Omega-3 polyunsaturated fatty acids and the treatment of rheumatoid arthritis: a meta-analysis.Arch Med Res. 2012 Jul; 43(5):356-62.AM
BACKGROUND AND AIMS
We undertook this study to assess the effects of omega-3 polyunsaturated fatty acids (PUFAs) (administered at ≥2.7 g/day) for a minimum duration of 3 months on clinical outcomes in patients with rheumatoid arthritis (RA).
The authors surveyed randomized controlled trials (RCTs) that examined the effects of omega-3 PUFAs on clinical outcomes in RA patients using Medline and the Cochrane Controlled Trials Register and by performing manual searches. Meta-analysis of RCTs was performed using fixed and random effects models. Outcomes are presented as standardized mean differences (SMD).
Ten RCTs involving 183 RA patients and 187 placebo-treated RA controls were included in this meta-analysis. The analysis showed that omega-3 PUFAs clearly reduced nonsteroidal anti-inflammatory drug (NSAID) consumption (SMD -0.518, 95% CI -0.915 to -0.121, p = 0.011) without between-study heterogeneity (I(2) = 0%). Tender joint count (SMD -0.214, 95% CI-0.489-0.062, p = 0.128), swollen joint count (SMD -0.170, 95% CI-0.454-0.114, p = 0.241), morning stiffness (SMD -0.224, 95% CI-0.955-0.212, p = 0.221), and physical function (SMD 0.264, 95% CI-0.232-0.724, p = 0.314) showed a trend to improve more in patients treated with omega-3 PUFAs than in placebo-treated controls, but they did not reach statistical significance.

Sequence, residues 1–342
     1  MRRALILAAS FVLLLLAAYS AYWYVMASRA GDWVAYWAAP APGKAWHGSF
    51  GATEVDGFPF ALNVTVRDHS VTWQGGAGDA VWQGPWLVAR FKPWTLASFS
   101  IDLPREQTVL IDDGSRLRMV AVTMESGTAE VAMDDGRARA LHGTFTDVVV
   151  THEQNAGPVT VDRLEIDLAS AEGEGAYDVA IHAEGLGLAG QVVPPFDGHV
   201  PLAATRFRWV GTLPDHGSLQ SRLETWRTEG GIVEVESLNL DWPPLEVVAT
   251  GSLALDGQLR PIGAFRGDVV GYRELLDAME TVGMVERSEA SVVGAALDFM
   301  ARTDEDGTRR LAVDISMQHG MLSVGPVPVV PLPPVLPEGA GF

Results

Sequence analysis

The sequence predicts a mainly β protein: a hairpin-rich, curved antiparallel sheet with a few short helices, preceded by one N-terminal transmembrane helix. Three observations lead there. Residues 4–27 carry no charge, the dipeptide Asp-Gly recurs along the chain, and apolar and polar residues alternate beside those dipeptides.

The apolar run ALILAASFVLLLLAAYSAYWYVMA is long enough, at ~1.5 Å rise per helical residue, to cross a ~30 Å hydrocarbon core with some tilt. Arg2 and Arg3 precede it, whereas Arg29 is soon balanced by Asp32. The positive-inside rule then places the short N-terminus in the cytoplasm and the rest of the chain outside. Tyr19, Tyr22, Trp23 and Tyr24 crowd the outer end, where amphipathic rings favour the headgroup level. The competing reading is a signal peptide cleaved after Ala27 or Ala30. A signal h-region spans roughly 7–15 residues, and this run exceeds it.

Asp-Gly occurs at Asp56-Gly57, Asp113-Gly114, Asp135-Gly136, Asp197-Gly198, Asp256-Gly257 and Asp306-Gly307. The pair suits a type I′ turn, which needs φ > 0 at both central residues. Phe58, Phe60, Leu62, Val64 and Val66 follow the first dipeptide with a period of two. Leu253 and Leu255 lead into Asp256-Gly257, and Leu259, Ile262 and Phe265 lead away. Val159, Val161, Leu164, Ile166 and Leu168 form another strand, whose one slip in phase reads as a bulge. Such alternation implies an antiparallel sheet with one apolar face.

This meta-analysis suggests that the use of omega-3 PUFAs at dosages >2.7 g/day for >3 months reduces NSAID consumption by RA patients. Further studies are needed to explore the clinical and NSAID-sparing effects of omega-3 PUFAs in RA.